I still need to make a slip for Emma's Easter dress, but I wanted to give you a sneak peak of my progress so far.
Earlier this year, I was thrilled to learn that my local sewing shop was offering a full-day class with Michie' Mooney. Highly regarded in the heirloom sewing community, Michie' has her own line of patterns; she teaches for the Martha Pullen School of Art Fashion; and her work is featured regularly in sewing and embroidery magazines.
Joe was out of town on the day of the class, but a sweet friend generously agreed to watch my children until class adjourned. I went to the sewing shop right away to register for the class and purchase my materials. I was stunned to learn it was already full. I joked afterward that crumpling onto the floor and sobbing uncontrollably must have worked; days later a spot opened up and I was able to join the class. (I didn't really cry in Beth's, but it is quite possible that I danced around my kitchen just a little when I found out I could participate after all.)
We had a choice of two Creations by Michie' patterns to construct for the class, and I chose the Heirloom Dress (#124-L). Reading over the pattern instructions the night before, I began to wonder if I had gotten in over my head. But as class began the next morning, Michie' assured all of us that she would walk us through each technique. And she did! She was a patient and easygoing teacher who put the class at ease. In the course of the day, I learned how to do pin tucks, lace shaping, lace insertion and bullion roses.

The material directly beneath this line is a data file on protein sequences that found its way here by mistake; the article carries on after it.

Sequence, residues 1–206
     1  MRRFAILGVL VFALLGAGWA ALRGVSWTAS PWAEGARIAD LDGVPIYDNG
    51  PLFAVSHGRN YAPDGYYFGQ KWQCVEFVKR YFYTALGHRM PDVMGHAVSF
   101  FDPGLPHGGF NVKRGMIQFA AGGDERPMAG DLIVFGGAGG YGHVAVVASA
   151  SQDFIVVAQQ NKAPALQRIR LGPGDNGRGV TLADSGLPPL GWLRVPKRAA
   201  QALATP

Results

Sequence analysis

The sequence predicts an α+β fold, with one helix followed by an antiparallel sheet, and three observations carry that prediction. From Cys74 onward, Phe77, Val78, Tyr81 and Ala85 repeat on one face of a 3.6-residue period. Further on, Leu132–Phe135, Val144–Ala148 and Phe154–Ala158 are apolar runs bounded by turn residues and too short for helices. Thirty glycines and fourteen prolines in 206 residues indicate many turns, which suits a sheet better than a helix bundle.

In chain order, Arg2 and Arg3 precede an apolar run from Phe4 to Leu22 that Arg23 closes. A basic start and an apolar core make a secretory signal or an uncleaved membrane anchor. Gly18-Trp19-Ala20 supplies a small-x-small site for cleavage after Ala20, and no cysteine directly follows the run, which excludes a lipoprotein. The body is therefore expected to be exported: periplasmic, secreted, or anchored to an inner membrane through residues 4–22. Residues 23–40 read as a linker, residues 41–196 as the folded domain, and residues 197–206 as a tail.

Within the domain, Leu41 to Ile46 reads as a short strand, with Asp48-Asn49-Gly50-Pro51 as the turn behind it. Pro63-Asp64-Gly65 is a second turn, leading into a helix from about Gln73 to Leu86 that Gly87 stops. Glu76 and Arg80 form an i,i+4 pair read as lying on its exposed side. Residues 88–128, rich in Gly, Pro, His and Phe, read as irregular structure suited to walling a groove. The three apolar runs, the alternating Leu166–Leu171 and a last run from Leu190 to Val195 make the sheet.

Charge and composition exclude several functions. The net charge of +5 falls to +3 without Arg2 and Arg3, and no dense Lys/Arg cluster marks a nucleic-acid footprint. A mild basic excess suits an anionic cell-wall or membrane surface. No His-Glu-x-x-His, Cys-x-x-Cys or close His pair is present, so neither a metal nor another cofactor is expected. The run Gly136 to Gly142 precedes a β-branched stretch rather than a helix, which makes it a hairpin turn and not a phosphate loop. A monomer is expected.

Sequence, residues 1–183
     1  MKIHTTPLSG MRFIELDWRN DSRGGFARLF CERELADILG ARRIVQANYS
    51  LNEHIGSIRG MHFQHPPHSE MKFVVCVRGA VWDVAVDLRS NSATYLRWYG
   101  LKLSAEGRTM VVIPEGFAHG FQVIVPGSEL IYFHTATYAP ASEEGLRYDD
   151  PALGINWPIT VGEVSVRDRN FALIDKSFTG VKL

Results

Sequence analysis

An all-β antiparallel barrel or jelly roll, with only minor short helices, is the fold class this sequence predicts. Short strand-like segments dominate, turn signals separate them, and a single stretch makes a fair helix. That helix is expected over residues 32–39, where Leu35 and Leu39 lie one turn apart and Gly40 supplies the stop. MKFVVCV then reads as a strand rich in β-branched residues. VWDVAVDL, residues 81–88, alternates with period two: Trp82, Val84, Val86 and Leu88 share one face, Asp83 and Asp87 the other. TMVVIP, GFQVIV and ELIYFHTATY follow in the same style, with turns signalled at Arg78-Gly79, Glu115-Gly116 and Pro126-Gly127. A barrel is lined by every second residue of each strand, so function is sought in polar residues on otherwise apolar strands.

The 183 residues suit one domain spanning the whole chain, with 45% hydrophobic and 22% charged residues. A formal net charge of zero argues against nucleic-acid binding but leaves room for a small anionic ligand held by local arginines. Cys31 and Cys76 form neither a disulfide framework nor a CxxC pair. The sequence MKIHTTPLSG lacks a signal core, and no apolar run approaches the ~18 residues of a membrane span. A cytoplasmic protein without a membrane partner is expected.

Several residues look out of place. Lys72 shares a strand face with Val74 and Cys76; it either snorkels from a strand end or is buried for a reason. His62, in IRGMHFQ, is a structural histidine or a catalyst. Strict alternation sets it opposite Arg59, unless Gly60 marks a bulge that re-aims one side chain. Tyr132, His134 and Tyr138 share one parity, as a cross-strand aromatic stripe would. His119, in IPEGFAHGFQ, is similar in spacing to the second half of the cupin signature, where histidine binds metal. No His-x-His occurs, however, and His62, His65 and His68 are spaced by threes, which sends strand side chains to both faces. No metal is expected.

I plan to photograph Emma at Jasmine Hill Gardens this spring, so look for the completed heirloom dress soon. To browse heirloom patterns for beginning to experienced seamstresses, visit Creations by Michie'. For heirloom sewing tips and pattern variations, visit Michie's blog.
To read last year's sentimental letter to Mary Ashley on the true meaning of an heirloom garment, revisit "Notes on a Dress" here.